The seat also contains monitors to make sure you've installed and secured it correctly, that the child hasn't taken the seat belt off, and even biometric information like heart rate and waking/sleep state that are streamed to the front console along with baby cameras to help you keep an eye on what's going on. The theory here is that giving parents as much information as they need about what's happening with the kids can help them keep their eyes on the road when they're at the wheel.
The child seat is also integrated with the Pre-SAFE pre-crash system, which uses all sorts of sensors to detect that a crash might be imminent. When it figures a crash is unavoidable, it immediately pre-tensions the seat belt and extends a side impact protector toward the door side.
Robot warning triangle
It can be dangerous to get out of your car in the emergency lane on a freeway, so in the event that you have to stop in this kind of situation, the ESF has got your back. While warning messages flash on the rear windscreen, a little robot will pop out from between the rear axles and trundle itself down the road until it's reached a good distance to stay and pop up its bright warning triangle.
A second warning triangle also pops itself up on the roof. Cute! The fact that these processes are totally automated means they'll work just fine in a completely driverless situation, too.
Pre-SAFE gets smarter, including automatic pre-collision acceleration
The car's pre-collision system gains a bunch of new features. Some of them are as much about comfort as anything else, like the Pre-Curve function that uses GPS and front camera data to detect when you're about to hit a corner quite hard, and quietly pre-tensions the seatbelts so your passengers don't get flung around by g-forces.
Others are more passive, like a side lighting system that uses electro-luminescent light strips down the side of the car to make it impossible not to notice as it comes out of a side street.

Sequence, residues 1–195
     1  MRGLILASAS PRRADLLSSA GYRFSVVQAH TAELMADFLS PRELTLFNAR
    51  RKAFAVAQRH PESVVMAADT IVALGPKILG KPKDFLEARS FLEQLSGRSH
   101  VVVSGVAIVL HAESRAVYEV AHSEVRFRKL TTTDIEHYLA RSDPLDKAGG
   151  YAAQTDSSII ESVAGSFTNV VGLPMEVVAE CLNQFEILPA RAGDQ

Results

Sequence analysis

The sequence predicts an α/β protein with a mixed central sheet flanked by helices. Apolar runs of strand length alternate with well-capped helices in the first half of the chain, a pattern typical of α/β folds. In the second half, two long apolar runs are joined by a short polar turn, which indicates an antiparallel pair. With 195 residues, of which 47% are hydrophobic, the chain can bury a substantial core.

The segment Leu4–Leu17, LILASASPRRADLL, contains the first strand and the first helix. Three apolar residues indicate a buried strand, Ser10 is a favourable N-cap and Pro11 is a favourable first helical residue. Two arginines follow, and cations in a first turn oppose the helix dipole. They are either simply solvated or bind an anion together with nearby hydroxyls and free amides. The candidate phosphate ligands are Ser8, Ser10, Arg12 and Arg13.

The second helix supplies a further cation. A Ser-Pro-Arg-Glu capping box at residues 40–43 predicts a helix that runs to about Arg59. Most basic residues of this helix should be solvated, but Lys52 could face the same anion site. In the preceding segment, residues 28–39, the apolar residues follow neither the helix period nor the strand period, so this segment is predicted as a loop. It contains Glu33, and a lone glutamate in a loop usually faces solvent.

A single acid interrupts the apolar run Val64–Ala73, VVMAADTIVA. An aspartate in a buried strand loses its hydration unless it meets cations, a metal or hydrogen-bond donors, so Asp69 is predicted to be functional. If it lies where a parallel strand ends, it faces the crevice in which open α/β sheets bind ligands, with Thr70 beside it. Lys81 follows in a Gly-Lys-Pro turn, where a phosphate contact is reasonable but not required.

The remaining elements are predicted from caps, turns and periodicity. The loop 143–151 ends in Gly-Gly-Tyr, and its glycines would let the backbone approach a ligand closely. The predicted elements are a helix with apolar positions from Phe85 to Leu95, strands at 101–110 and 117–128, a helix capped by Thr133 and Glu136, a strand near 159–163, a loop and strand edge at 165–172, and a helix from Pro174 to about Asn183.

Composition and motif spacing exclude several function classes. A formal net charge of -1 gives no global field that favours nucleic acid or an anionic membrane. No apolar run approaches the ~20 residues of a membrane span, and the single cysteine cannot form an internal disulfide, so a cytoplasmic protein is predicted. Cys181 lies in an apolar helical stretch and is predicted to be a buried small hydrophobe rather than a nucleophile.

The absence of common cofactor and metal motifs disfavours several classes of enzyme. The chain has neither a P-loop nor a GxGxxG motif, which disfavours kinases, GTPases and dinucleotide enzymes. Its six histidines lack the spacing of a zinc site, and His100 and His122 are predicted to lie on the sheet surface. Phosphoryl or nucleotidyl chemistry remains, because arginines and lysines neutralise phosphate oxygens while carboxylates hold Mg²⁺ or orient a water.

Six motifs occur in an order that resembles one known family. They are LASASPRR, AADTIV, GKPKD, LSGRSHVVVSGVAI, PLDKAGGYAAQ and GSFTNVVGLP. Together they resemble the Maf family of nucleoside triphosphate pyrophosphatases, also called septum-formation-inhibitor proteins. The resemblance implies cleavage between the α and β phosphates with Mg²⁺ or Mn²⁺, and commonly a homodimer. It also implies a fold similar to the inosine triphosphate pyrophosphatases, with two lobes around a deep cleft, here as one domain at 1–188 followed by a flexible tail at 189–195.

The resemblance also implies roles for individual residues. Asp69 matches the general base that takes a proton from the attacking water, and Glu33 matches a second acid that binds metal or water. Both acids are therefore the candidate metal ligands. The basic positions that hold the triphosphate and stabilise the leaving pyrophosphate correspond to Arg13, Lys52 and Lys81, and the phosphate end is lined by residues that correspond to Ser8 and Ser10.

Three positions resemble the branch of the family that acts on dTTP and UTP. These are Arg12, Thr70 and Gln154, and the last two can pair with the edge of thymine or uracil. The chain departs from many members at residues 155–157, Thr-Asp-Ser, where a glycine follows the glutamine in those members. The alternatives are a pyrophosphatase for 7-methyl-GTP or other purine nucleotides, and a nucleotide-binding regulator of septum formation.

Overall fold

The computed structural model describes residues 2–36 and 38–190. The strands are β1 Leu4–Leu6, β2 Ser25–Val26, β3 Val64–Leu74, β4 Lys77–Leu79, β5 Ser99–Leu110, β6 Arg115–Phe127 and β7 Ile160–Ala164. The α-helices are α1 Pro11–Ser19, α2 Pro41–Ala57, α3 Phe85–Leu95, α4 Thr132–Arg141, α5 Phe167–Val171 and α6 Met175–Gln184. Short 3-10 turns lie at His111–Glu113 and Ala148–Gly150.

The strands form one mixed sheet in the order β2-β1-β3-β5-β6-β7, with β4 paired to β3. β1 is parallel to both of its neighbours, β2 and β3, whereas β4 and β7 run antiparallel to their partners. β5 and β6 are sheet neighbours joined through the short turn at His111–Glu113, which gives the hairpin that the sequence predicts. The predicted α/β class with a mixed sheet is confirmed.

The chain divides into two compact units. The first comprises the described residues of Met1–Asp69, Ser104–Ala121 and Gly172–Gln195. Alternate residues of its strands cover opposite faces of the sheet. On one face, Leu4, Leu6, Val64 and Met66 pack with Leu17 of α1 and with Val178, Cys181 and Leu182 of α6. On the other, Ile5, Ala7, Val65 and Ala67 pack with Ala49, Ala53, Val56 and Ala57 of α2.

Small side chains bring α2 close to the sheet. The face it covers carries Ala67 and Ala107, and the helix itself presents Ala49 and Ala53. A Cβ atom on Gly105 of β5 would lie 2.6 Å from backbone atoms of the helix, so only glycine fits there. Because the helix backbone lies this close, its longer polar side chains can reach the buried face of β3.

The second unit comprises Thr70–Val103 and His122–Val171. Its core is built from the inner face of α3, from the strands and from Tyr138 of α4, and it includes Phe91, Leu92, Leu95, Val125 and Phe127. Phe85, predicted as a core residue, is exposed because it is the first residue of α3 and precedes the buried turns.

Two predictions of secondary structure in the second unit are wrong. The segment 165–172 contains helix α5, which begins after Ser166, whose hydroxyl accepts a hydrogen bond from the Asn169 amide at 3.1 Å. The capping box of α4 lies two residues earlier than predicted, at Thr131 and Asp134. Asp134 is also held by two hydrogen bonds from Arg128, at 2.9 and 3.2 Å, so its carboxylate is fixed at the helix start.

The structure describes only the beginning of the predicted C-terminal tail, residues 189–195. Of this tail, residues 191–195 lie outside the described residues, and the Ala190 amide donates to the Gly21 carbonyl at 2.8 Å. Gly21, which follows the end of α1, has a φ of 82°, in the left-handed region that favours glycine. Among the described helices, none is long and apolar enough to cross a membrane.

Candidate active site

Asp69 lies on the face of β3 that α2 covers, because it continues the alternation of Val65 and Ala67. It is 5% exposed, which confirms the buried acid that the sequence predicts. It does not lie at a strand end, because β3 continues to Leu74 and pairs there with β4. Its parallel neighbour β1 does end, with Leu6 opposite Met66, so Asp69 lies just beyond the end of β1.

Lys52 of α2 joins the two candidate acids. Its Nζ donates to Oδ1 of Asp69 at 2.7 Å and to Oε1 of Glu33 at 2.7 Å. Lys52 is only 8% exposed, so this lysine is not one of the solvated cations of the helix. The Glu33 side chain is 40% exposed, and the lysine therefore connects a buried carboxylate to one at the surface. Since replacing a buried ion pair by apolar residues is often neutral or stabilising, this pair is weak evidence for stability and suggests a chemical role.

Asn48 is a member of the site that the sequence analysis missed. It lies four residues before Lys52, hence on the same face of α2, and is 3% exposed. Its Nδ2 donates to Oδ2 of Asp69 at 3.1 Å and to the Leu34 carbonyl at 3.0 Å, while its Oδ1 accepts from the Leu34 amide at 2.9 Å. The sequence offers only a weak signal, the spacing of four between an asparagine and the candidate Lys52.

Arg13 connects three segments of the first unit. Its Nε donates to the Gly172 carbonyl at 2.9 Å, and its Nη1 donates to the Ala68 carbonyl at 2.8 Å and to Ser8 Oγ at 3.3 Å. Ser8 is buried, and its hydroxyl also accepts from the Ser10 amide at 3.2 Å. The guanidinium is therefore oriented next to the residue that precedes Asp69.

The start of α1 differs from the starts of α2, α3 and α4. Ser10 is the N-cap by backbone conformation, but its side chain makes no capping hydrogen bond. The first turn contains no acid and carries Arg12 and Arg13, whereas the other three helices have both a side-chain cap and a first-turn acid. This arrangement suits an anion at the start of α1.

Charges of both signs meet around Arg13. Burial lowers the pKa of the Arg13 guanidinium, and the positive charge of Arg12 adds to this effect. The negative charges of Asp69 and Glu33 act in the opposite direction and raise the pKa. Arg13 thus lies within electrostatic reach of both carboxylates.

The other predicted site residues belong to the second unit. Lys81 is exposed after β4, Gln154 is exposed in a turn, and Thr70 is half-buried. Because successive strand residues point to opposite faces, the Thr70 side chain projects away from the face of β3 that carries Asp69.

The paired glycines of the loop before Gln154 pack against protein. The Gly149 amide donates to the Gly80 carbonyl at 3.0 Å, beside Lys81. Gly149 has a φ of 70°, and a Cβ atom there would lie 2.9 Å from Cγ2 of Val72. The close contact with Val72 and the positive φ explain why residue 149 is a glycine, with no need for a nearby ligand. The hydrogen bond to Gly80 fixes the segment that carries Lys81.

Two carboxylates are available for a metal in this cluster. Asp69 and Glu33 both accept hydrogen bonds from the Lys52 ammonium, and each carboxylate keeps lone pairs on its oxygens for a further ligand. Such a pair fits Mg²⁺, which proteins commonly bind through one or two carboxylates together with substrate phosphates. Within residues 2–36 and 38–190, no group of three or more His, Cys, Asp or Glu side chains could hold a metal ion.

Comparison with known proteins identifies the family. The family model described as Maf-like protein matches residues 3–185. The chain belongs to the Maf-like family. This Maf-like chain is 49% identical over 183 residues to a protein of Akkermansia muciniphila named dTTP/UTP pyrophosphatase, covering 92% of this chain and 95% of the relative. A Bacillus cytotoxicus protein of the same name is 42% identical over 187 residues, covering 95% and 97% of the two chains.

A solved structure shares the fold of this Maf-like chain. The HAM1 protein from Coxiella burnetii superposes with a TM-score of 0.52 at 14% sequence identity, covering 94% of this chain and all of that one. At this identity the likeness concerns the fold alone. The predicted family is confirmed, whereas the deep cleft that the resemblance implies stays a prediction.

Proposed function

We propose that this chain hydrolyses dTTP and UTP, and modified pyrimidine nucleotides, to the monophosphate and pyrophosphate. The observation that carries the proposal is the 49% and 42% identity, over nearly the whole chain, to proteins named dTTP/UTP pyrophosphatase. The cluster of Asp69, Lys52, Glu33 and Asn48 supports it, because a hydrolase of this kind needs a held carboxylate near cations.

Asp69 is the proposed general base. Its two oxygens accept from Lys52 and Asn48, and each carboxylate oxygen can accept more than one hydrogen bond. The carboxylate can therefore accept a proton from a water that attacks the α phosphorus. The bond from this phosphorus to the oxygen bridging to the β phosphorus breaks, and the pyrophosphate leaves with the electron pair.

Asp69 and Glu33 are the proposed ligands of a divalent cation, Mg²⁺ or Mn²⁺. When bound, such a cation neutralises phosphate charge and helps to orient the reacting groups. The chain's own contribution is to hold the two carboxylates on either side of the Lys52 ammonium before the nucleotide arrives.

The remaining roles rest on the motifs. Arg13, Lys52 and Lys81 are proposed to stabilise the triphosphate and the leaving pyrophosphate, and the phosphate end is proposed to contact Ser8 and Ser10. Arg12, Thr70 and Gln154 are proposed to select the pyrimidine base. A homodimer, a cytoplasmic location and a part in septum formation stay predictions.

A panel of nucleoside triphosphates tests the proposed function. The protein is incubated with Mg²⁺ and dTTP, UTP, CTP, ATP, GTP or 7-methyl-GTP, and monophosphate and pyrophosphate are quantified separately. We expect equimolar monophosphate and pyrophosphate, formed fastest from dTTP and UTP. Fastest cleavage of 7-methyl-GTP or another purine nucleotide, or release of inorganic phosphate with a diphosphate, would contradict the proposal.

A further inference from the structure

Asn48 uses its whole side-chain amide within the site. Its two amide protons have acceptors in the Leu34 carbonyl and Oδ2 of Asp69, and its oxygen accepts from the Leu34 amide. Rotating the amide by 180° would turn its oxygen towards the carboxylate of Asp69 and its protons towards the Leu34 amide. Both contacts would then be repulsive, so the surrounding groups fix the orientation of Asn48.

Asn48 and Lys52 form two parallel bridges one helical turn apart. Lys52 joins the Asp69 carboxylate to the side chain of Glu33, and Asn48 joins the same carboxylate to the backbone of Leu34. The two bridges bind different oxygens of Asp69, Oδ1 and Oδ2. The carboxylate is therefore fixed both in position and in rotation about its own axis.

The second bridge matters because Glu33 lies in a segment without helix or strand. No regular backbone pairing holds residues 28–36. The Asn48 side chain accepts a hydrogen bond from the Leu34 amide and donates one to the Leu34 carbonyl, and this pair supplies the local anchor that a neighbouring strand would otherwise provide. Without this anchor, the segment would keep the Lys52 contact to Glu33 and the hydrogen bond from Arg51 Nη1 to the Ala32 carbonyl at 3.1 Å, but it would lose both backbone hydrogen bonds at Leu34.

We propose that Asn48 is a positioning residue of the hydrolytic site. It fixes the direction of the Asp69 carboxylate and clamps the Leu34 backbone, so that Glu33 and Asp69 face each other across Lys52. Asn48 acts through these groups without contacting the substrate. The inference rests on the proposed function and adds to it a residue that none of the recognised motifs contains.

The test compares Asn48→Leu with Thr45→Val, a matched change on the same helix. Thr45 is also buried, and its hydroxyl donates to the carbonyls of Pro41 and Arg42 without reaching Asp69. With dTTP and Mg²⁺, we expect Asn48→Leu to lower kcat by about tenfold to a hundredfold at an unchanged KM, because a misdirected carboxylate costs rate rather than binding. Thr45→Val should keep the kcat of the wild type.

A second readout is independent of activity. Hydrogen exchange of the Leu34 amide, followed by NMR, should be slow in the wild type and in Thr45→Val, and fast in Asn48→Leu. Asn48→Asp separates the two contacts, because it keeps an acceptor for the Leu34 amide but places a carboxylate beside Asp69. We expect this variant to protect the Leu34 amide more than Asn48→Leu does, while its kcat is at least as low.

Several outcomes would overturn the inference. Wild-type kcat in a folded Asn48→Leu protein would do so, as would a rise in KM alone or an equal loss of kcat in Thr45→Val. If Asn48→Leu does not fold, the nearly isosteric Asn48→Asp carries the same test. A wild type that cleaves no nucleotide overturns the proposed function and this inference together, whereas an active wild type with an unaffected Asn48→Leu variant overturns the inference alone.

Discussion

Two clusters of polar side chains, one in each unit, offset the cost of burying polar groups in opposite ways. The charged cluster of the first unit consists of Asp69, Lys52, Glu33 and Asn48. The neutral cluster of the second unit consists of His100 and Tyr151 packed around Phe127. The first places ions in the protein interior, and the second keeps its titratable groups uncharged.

And then there's the Pre-SAFE Impulse Rear system, which detects when the car's about to be rear-ended, and evaluates the space in front of the car – and if it's got room, it'll accelerate forward, hard. This has a double effect. Firstly, the acceleration pushes everyone back in their seats so they're in full contact with headrests and seat backs when the impact comes, and secondly, it reduces the impact speed differential to take a bit of energy out of the crash, as well as giving the car behind a touch more space to brake in. As soon as the crash has happened, the brakes come on, and the car attempts to make sure it doesn't whack into the one in front.
Seat belt encouragement
Seat belts are an automatic habit for most car users, but in order to bring rates of seat belt use upward, the ESF debuts some nifty helpers that nudge passengers toward putting the things on. For starters, there's neat little extending feeder loops that mean you don't have to reach back over your shoulder to find the belt, and little lights in the buckles to make clicking them in easier.
From there things get a touch more devious – there's USB-C ports in the buckles ready to charge passengers' phones or hook them in to the audio system, but they won't work until the seat belt's fastened. And there's also the new idea of heated seat belts, which encourage passengers to take off heavy coats that might interfere with proper belt positioning.
There's more, including back-seat airbags, side airbags that extend around from behind the shoulders of front-seat passengers, a flat-design steering wheel and pedals that retreat into the dash when the cars set to autonomous mode, and a brake assist system that'll flat out prevent you from pulling out of a side street if it detects you're going to put yourself in the path of oncoming traffic, pedestrians or cyclists.